lower elevations of Central Twin Tiers, Finger Lakes NY, and
Wyoming Valley PA.

Very mild conditions will persist Wednesday night with
temperatures holding up in mid 40s-lower 50s much of the night,
thanks in part to dewpoints staying in upper 30s-mid 40s. So where
any snowpack remains, melting will continue.


The main story for this period will be unseasonably mild
temperatures as an upper level ridge dominates the east with a
trough in the west. For Thursday, low pressure will move N/E
through Ontario with the area in a SW flow. 850 mb level
temperatures will exceed 6 C with 925 temps reaching 11+ C over NE
PA into the southern tier. As result, highs will reach the upper
50s to low 60s. There will be considerable cloud cover with the
chance of a few isolated to scattered showers as a weak boundary
pushes south into the area however this will not be significant.
Thursday night into early Friday, the boundary will lift north as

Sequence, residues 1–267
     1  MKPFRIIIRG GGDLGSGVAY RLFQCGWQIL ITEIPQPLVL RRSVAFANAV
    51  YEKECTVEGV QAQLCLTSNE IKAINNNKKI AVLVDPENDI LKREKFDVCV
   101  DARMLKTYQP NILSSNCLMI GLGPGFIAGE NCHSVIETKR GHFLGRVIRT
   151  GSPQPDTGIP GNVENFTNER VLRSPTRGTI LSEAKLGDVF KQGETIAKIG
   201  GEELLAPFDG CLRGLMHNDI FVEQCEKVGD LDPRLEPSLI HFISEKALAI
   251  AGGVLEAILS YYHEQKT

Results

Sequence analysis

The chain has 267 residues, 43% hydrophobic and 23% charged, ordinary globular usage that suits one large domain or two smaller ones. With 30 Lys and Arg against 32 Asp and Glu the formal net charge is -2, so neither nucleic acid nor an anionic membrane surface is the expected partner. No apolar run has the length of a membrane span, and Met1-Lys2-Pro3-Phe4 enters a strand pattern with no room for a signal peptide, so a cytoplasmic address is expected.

a warm front bringing a continuing chance for some showers, mainly
over the lake plain, as a large area of low pressure moves north
into the Midwest. Lows will be very mild...generally in the 40s
except some 30s in Oneida County. By Friday afternoon, with the
warm front north of the area, temperatures will be at least as
warm as Thursday with low to possibly even mid 60s possible in the
Lake Plain.


Early in the period, a large area of low pressure will track north
and east through the Great Lakes into into Ontario. This will
result in the area being on the warm side of the system. Friday
night will be extremely mild for this time of year with a
southerly flow as the low tracks north. Lows will be in the low to
mid 50s. A few showers will be possible but otherwise conditions
will be mainly dry as the cold front will still be well to the

For Saturday, a strong cold front will move across the area west